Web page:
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This article was first published 7 years ago  » Movies » The Hollywood awards season starring Trump

The Hollywood awards season starring Trump

By Monali Sarkar
February 17, 2017 08:51 IST
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Meryl Streep: 'When the powerful use their position to bully others, we all lose.'

Jennifer Lopez: 'There is no time for despair, no place for self pity, no need for silence, and no room for fear.'

Julia Louis-Dreyfus: 'I want you all to know that I am the daughter of an immigrant.'

Every awards ceremony in Hollywood this year, says Monali Sarkar, has seen A-list celebrities talk about diversity, inclusion and politics, sometimes even mentioning President Donald Trump and his policies by name.

Meryl Streep

Meryl Streep turned her Cecil B DeMille lifetime achievement award at the Golden Globes into one of the most scathing attacks on Donald Trump.

'There was one performance this year that stunned me. It sank its hooks in my heart. Not because it was good... It was that moment when the person asking to sit in the most respected seat in our country imitated a disabled reporter... It kind of broke my heart when I saw it and I still can't get it out of my head because it wasn't in a movie. It was real life.'

'This instinct to humiliate when it's modeled by someone in the public platform by someone powerful it filters down into everybody's life. Disrespect invites disrespect. Violence incites violence. When the powerful use their position to bully others, we all lose.'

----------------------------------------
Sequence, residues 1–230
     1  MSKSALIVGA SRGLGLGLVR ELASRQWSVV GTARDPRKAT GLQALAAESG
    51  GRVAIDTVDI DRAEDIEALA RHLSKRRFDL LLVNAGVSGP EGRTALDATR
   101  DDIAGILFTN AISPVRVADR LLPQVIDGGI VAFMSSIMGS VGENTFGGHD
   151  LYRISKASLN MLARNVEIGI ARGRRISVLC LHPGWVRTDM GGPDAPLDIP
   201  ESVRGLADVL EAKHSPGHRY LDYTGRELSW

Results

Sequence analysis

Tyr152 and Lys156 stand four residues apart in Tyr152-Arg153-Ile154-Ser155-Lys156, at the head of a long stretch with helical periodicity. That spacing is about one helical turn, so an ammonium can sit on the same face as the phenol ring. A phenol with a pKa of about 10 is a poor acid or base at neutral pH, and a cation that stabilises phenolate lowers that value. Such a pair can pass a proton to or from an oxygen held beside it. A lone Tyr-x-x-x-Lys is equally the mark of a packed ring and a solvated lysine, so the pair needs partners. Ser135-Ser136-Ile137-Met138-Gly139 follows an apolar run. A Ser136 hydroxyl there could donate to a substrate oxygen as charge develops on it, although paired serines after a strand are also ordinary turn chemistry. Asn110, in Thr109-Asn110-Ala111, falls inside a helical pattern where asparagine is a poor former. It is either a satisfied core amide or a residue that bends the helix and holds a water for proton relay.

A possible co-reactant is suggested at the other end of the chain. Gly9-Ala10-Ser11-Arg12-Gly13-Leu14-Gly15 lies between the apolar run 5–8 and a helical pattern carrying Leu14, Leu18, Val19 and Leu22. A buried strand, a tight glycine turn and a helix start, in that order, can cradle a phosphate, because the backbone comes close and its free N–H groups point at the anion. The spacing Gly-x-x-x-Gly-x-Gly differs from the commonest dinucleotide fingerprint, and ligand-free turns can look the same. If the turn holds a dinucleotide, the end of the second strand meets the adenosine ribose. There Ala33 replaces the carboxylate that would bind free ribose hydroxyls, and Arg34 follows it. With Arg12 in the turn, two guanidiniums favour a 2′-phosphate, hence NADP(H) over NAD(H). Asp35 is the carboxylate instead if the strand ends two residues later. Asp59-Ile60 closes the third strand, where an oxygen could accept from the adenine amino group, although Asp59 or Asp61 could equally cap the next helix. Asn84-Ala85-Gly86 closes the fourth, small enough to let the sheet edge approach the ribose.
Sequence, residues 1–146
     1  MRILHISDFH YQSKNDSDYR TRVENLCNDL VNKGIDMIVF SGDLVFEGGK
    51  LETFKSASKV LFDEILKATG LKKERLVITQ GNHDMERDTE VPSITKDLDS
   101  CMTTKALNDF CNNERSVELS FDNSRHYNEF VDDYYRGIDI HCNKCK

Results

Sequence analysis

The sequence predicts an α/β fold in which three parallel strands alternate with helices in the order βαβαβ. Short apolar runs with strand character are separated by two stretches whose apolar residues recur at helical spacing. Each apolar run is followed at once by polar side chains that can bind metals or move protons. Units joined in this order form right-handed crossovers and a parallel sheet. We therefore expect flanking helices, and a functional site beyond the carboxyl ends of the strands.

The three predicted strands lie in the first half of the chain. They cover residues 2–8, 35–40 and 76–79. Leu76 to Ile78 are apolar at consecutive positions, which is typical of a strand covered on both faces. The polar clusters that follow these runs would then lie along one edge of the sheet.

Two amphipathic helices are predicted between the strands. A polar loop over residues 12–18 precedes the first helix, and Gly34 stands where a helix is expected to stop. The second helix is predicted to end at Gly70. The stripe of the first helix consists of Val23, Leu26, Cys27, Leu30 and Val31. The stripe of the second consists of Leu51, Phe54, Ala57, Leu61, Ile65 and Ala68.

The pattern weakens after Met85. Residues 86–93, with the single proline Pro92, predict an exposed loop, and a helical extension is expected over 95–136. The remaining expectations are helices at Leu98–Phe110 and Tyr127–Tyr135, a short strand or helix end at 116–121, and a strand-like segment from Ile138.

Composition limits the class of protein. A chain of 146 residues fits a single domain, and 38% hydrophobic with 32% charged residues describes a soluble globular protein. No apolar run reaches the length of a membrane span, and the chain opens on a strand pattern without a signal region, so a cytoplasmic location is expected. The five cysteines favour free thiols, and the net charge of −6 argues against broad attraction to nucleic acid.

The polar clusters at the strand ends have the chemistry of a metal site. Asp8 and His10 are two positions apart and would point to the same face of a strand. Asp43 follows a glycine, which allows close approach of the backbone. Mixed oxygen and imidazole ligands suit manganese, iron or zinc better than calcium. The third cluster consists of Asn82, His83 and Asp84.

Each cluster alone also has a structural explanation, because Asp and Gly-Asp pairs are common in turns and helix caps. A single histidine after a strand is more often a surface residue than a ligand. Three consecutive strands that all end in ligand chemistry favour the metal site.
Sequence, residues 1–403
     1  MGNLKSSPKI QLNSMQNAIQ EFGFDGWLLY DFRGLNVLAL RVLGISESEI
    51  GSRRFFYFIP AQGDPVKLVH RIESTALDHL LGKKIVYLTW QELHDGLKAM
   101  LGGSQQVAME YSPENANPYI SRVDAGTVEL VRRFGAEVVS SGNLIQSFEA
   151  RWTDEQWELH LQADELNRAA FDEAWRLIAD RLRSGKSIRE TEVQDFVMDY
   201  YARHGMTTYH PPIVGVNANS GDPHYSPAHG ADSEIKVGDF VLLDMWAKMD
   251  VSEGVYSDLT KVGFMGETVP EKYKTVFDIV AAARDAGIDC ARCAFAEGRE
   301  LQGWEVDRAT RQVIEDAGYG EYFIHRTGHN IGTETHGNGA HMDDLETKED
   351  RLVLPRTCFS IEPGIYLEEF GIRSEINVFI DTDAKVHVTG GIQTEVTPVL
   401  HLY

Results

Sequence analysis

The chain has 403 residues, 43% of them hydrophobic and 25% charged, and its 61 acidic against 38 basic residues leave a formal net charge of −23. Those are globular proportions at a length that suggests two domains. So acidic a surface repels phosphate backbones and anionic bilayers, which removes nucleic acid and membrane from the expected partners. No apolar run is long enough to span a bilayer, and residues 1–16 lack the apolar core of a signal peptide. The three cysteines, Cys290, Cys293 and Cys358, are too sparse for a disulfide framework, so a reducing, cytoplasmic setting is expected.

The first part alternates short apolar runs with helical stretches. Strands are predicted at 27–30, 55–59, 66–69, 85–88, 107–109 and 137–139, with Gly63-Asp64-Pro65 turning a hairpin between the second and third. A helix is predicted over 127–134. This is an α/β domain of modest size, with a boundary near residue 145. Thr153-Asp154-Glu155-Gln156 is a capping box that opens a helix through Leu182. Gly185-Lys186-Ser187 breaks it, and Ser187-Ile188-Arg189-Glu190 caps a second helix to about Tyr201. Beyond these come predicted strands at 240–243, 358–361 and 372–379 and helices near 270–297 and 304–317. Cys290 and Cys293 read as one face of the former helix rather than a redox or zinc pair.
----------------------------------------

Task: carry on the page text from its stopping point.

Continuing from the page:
As's Raja Sen noted, 'We know Streep can do anything; it's what she chooses to do that makes her a true legend.'

Photograph: Kevin Winter/Getty Images

Beyonce at Grammys

While accepting her Grammy for the Best Urban Contemporary album for Lemonade, Beyonce said, 'My intention for the film and album was to create a body of work that would give a voice to our pain, our struggles, our darkness and our history. To confront issues that make us uncomfortable.'

'It's important to me to show images to my children that reflect their beauty so they can grow up in a world where they look in the mirror -- first through their own families, as well as the news, the Super Bowl, the Olympics, the White House and the Grammys -- and see themselves. And have no doubt that they're beautiful, intelligent and capable.'

Photograph: Lucy Nicholson/Reuters

Jlo and james Corden

Before she presented the Grammy for Best New Artist to Chance the Rapper, Jennifer Lopez said, 'At this particular point in history, our voices are needed more than ever.'

'As Toni Morrison once said, this is precisely the time when artists go to work. There is no time for despair, no place for self pity, no need for silence, and no room for fear. We do language, that is how civilisations heal.'

'So tonight, we celebrate our most universal language, music, as we honour the voices of the past and the present.'

In a comic vein, Grammys host James Corden earlier rapped: 'Live it all up because this is the best, and with President Trump we don't know what comes next.'

Photograph: Lucy Nicholson/Reuters

Katy Perry and Skip Marley

Katy Perry and Skip Marley, wearing an armband that said 'Persist', performed Chained to the Rhythm at the Grammy Awards as a giant video projection of the US Constitution loomed over the stage.

With a refrain of We Think We're Free, the song's lyrics talk about being lulled into a 'comfortable bubble.'

Skip is the grandson of Jamaican reggae legend Bob Marley, whose songs often protested against oppression and social injustice.

Photograph: Lucy Nicholson/Reuters

Quest Grammys

Hip-hop pioneers A Tribe Called Quest -- along with Anderson Paak and Busta Rhymes -- broke down a wall during their performance at the Grammy Awards.

In their politically charged medley they called out 'Agent Orange,' a nickname for Trump, sarcastically thanking him for his 'unsuccessful attempt at the Muslim ban.'